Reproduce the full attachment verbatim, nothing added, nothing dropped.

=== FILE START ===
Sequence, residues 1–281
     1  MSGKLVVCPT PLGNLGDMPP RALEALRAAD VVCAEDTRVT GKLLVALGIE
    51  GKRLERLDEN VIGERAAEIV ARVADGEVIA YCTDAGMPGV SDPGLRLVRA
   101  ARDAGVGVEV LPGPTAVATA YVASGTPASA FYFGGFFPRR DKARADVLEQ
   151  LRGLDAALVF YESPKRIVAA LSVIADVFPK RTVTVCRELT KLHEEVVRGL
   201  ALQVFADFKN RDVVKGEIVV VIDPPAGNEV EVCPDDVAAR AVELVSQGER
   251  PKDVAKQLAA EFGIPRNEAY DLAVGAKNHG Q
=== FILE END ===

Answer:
Sequence, residues 1–281
     1  MSGKLVVCPT PLGNLGDMPP RALEALRAAD VVCAEDTRVT GKLLVALGIE
    51  GKRLERLDEN VIGERAAEIV ARVADGEVIA YCTDAGMPGV SDPGLRLVRA
   101  ARDAGVGVEV LPGPTAVATA YVASGTPASA FYFGGFFPRR DKARADVLEQ
   151  LRGLDAALVF YESPKRIVAA LSVIADVFPK RTVTVCRELT KLHEEVVRGL
   201  ALQVFADFKN RDVVKGEIVV VIDPPAGNEV EVCPDDVAAR AVELVSQGER
   251  PKDVAKQLAA EFGIPRNEAY DLAVGAKNHG Q